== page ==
Security+: Disaster Recovery Security - Security Boulevard

Security+: Disaster Recovery Security


The Security+ certification exam is one of the most important certifications anyone in the technology industry can obtain. The Security+ certification validates that you have established the core knowledge and baseline skills to perform security functions in a professional technology environment.

The Security+ certification exam covers many aspects of security like risk management, risk mitigation, threat management, intrusion detection, access management, cryptography, PKI, and disaster recovery. Disaster recovery can be a very important part of security many times when security breaches happen backups are needed for recovery. Disaster recovery has become an even more important part of security with the recent popularity of ransomware.

Disaster Recovery is one of the most important things any network admin can plan for in the information technology industry. Companies that do not plan for disaster recovery usually never recover from a disaster. Unplanned disasters can result in a loss of business and data that can cripple any company.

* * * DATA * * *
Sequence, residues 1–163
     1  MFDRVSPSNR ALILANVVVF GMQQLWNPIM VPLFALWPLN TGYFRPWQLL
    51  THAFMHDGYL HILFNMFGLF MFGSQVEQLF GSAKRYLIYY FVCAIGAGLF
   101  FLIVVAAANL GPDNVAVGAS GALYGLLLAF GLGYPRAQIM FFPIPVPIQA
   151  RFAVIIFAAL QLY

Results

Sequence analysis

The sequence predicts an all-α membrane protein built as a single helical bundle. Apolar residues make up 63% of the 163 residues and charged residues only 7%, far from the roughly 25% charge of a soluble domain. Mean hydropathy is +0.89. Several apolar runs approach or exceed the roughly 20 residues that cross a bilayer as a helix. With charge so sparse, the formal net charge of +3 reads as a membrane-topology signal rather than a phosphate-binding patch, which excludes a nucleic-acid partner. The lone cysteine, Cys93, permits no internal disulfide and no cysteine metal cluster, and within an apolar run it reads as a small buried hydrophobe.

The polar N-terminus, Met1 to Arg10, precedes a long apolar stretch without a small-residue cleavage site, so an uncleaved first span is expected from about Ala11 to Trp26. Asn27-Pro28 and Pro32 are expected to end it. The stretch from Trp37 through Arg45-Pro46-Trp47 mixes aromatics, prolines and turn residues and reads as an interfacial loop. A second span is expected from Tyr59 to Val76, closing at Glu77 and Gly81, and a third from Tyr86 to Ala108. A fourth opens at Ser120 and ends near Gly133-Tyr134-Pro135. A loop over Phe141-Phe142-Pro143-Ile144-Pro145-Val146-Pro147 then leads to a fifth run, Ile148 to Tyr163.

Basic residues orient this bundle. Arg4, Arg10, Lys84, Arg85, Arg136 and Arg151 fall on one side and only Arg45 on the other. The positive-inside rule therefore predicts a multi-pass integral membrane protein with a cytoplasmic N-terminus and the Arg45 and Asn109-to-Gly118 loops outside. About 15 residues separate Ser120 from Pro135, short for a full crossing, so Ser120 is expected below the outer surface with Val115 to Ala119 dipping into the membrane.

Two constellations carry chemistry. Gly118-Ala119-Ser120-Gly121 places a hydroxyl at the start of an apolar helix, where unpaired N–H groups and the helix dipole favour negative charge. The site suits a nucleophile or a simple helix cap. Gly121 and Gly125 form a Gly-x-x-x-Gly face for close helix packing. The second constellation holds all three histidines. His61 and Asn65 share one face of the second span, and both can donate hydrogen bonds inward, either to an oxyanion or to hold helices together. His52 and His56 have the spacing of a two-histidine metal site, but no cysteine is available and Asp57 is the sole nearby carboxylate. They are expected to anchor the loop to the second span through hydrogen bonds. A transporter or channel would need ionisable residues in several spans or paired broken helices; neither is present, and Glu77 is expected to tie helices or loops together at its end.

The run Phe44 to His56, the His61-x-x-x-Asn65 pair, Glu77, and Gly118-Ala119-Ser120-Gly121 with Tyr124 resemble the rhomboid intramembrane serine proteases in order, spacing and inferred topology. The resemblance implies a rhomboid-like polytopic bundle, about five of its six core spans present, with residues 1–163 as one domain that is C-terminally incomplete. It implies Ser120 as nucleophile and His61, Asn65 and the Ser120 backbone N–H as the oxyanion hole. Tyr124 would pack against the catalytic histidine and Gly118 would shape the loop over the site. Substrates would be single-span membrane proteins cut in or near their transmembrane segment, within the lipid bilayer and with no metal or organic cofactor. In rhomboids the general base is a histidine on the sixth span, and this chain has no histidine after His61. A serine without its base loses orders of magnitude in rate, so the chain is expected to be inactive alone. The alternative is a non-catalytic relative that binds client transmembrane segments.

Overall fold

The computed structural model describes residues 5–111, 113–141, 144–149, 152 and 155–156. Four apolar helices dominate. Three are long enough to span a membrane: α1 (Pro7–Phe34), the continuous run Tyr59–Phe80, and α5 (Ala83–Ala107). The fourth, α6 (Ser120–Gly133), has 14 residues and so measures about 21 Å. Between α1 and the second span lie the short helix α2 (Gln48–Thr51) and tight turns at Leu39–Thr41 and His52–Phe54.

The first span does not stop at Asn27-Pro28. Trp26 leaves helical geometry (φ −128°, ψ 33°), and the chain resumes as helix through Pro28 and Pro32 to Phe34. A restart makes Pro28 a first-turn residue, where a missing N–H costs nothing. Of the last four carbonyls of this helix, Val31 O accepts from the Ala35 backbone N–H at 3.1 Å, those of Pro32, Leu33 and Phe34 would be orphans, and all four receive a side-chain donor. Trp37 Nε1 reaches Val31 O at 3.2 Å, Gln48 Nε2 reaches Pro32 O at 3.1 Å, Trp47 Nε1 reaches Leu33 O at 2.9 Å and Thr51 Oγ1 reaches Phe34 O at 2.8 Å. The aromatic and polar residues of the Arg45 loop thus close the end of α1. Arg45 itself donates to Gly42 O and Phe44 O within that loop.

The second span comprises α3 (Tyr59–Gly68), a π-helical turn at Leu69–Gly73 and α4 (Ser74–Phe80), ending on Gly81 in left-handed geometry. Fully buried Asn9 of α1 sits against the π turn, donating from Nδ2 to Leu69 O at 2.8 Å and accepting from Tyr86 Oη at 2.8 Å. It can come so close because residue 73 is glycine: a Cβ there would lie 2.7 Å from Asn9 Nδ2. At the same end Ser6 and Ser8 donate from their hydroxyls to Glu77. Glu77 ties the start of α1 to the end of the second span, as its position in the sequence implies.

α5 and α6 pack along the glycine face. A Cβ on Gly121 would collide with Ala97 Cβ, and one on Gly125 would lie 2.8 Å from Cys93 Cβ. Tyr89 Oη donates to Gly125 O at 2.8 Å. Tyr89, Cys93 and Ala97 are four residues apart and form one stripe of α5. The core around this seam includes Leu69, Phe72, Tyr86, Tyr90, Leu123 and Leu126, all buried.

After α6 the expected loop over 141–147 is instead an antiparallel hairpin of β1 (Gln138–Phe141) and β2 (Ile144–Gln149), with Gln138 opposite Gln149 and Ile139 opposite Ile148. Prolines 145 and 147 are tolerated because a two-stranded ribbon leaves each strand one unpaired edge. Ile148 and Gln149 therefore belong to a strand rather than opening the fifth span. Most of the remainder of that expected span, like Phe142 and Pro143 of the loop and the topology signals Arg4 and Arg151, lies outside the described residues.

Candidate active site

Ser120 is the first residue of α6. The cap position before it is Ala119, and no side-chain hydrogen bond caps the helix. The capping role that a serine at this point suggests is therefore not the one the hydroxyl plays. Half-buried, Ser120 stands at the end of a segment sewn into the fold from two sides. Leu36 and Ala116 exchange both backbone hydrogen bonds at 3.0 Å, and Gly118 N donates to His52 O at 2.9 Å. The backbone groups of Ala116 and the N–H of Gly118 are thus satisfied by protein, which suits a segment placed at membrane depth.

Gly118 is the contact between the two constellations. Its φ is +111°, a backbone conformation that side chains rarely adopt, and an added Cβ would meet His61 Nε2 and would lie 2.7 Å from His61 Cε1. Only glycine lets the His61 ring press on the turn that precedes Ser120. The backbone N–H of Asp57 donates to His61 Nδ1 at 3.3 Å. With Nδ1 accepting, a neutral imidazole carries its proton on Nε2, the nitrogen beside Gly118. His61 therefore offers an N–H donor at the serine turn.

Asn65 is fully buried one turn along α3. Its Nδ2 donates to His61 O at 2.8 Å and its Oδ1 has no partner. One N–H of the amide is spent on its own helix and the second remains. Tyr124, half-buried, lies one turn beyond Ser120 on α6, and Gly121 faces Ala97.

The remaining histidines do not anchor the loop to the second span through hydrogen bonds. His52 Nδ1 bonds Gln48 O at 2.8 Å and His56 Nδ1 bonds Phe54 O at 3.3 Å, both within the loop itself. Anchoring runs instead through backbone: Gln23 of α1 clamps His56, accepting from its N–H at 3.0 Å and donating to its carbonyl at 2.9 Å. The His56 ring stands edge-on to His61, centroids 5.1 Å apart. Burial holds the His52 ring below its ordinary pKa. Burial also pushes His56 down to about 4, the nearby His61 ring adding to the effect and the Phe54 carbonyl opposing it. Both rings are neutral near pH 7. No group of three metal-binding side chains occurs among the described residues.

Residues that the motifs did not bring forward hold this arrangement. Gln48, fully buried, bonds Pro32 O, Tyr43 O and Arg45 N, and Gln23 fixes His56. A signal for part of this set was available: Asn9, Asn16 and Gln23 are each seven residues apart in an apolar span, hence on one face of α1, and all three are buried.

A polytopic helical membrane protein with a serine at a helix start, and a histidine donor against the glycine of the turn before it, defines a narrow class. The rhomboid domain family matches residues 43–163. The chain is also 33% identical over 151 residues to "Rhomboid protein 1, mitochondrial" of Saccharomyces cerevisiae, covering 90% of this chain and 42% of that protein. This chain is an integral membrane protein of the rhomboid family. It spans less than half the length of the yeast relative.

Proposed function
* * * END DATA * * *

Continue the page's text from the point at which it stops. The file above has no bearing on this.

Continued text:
Any Security+ certified administrator will tell you to write a disaster recovery plan. Your disaster recovery plan should be available in multiple locations outlining in detail the plan in the case of a disaster. This plan will include all information you will need to recover your business it the case of a disaster. These documents contain locations of software, contact information, network documentation and much more. Many of these plans, if written properly, are 100 or more pages in length and need to be updated yearly as servers and software get updated or decommissioned.

Do you have Backups?

One of the main aspects of disaster recovery that is vital is backups. There are hundreds of backup solutions available for your organization. You will need to determine what backup solution is best for your company based on cost and the needs of your environment.

There are (Read more...)

*** This is a Security Bloggers Network syndicated blog from InfoSec Resources authored by InfoSec Resources. Read the original post at: